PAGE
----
Thanks for reading, you’ve been a great crowd.

Ps. sorry if this post comes off as self adoring, but just read it for what it is. Nobody knows who I am, and I will not know who reads this. It’s a perfectly candid and anonymous post.

I’m smart, and you’ve convinced me.

Great article, and insightful comments. I concur with Mo in many topics, and also on the fact that I’ve become ‘mentally lazy’ myself.

I sometimes wonder if the apathy I feel is some sort of illness…

I know this wasn’t the main point of your post, but in under 600 words, you have summed up several of the key problems in persistence.

Interesting article, and Mo is right on target with his story. Thanks, guys.

I hope everyone gets it soon.

This “orthogonal persistence mechanism” gets to the soul of the matter.

“…intelligence is a tool. That you have to use it as such and not become its slave. Most incredibly intelligent people I know … are slaves to their intelligence. It is in fact their biggest impediment to truely [sic] achieving perfection… or the divine… or the tao. Or whatever else you want to call it.”

Wow, that was the most insightful thing I’ve ever read in a technical blog, the most insightful I’ve read anywhere in a long time. Thank You.

I call it Brahma, or just It. “Tao” is a fun one too.

Manojit (This is my Yogi spiritual name, it means, “One who is victorious over the mind” or “A mindful victory”, but the former is more apt here.)

How come you smart guys don’t live next door to me, so you could help me work out the kinks in my screenplay. I am trying to deal with a cool, relatively novel, bit of Quantum stuff, and I am slogging through the same puddle again and again. Frustrating me, but you could help!!!



I used to be an architecture astronaut, but it drove me bonkers and eventually I burn-did out. now I just try to perfect my FIFA 09 game and play Empire: Total War! So much more satisfying.


I am not as smart as I wish/thought I was, but that’s OK, because I am a lot wiser than many smart people.

Where did the wisdom come from? I don’t really know but I frequently see it’s absence.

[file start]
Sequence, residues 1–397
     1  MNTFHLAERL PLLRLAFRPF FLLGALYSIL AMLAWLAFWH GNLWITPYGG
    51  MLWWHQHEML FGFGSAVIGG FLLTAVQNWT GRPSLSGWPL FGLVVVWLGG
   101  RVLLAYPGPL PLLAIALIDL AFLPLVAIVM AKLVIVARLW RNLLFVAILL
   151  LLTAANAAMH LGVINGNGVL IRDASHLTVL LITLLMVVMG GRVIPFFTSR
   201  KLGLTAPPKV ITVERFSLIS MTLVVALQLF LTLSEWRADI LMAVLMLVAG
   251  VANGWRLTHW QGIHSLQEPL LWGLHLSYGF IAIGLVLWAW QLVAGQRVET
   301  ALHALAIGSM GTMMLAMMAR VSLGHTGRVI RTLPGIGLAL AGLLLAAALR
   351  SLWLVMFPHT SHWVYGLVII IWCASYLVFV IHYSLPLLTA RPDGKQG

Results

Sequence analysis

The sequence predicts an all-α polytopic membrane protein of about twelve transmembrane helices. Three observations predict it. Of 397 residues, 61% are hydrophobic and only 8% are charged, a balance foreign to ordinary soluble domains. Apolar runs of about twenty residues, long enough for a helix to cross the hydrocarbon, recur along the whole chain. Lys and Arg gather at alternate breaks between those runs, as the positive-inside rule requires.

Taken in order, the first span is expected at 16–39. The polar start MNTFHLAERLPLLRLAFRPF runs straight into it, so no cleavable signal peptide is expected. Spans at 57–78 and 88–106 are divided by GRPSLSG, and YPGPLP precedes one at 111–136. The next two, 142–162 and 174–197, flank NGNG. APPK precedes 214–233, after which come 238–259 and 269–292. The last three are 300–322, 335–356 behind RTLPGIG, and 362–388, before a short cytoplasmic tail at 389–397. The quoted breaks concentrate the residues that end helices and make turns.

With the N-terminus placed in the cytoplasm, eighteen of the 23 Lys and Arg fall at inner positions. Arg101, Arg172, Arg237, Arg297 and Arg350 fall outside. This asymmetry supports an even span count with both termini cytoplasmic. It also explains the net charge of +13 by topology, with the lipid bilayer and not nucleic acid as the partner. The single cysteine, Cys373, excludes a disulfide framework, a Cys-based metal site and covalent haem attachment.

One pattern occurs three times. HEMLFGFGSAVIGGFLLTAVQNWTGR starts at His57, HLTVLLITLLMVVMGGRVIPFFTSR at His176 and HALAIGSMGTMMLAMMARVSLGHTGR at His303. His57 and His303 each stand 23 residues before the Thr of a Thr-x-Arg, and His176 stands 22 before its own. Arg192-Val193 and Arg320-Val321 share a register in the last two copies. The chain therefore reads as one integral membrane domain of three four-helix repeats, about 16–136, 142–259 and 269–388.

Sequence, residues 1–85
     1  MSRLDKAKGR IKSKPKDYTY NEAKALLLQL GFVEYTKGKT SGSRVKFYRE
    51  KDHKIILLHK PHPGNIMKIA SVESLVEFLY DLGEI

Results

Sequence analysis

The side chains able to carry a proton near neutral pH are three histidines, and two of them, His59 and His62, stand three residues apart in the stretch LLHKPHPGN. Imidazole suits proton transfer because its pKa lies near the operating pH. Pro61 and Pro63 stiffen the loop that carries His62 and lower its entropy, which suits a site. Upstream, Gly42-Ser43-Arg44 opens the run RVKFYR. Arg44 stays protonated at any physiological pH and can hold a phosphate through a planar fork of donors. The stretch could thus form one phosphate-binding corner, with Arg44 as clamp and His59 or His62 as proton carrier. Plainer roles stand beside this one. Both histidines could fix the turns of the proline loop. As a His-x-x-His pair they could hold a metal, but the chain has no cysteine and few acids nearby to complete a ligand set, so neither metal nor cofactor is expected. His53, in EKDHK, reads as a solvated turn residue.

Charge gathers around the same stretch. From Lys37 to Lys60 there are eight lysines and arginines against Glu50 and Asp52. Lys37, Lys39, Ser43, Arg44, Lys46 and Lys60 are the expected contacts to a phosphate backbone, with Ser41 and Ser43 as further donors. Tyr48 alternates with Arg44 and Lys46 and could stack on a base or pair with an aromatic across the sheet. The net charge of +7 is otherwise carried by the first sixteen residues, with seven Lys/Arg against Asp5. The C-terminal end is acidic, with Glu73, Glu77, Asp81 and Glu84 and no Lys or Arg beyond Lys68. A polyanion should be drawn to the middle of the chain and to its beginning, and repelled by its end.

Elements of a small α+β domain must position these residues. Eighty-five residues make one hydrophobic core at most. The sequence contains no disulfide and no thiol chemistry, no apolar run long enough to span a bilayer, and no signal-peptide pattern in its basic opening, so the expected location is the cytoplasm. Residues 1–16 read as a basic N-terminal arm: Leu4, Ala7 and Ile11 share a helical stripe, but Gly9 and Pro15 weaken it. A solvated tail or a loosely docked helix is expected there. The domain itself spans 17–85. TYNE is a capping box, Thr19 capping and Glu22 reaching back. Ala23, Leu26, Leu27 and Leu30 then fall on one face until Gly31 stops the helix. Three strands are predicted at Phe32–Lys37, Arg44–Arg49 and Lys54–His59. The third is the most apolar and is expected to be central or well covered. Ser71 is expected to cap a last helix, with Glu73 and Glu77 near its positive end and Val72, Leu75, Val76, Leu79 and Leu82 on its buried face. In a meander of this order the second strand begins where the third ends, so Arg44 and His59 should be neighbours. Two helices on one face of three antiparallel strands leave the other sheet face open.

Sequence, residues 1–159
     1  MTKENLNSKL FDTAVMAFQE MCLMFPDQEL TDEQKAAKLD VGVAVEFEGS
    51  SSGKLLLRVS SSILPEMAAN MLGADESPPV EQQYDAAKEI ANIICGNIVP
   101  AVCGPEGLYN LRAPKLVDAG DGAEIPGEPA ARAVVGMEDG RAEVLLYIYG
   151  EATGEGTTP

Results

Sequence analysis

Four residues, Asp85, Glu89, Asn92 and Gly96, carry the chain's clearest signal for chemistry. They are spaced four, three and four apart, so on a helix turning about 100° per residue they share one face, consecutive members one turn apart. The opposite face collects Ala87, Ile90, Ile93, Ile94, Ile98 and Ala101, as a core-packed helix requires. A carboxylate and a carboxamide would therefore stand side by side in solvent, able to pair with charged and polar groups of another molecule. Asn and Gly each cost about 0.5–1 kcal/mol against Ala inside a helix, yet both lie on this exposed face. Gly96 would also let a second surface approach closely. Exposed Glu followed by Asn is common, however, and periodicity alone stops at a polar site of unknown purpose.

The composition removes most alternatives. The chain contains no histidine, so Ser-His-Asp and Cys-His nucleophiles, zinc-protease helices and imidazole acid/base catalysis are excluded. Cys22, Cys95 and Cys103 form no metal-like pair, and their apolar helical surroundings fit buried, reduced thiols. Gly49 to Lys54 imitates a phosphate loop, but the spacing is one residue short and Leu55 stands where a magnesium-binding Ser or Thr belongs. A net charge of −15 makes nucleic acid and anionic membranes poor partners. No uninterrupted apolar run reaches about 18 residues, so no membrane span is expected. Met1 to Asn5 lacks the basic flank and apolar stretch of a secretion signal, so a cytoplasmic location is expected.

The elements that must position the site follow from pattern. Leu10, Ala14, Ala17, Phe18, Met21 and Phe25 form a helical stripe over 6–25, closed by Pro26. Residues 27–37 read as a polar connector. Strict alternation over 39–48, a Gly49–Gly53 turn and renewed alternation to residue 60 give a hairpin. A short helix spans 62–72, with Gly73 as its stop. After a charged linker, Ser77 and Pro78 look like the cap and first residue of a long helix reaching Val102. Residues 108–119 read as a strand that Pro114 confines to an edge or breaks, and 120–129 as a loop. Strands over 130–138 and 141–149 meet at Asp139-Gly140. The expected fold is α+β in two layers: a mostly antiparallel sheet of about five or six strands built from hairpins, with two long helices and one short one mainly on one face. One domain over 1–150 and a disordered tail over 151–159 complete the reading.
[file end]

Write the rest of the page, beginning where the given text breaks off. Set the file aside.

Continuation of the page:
Humility is part of it, but even talking about it makes a claim of humility a hypocrisy.

A key component is taking the time to think about things in depth and a willingness to shred your own arguments (rationalizations) if they are weak.

I just accept that I am schizophrenic, that there are two minds at battle all the time. The ego and the skeptic.

This is why working in a small company is great – you have very smart programmers doing strategy, management and sales, who are constantly telling you off for “being too clever” by going off and solving problems that don’t have useful practical outcomes. Smart strategic programmers (SSPs) overseeing slightly less smart technical programmers (SLSTPs) seems one workaround. And/or you could just verse your new smarties to constantly asses the usefulness/profitability of their own work.

Hi. I noticed Habitat and EC.

I played/experienced WA (DS) in 95′ and upwards.

I’d like to think I’m one of those smart people.

Any way back in? (on a professional level.)

e-mail me.

Yes, I have seen all of these, I guess I was blessed with working in silicon valley which probably has a much higher average IQ than anywhere in the world. It’s the Mount Everest of IQ.

One of those smart people I worked with mentioned a quote by Albert Einstein to me once, and it’s worth keeping in mind at all times: Make it as simple as possible, but not simpler.

In software development, I think it’s best to be pragmatic, which is why I like the Pragmatic Programmers so much. Stupid coders will cause a huge mess because they pretty much make things that don’t work, and never were going to work. They are too naive. But you can also go too far in the other direction and over-engineer your solutions to the point of hopelessness. For me, my main principle is to avoid complexity. Complexity in the solution is usually a failure to find a simpler one.

The orthogonal storage is a good example of that, however, if you were really clever you’d have known that committing to the semantics of your objects is a huge mistake. Yeah I found this out the hard way too, using Java byte serialization. Maybe everyone needs to go through this once – it’s hard to foresee all the little and often extremely complex problems that can arise from that. Ever since then I have avoided Java object serialization like the plague.


I really liked this article. My own experience as a programmer and as a human being is that for some things I need to be stupid, really stupid, and that’s good!!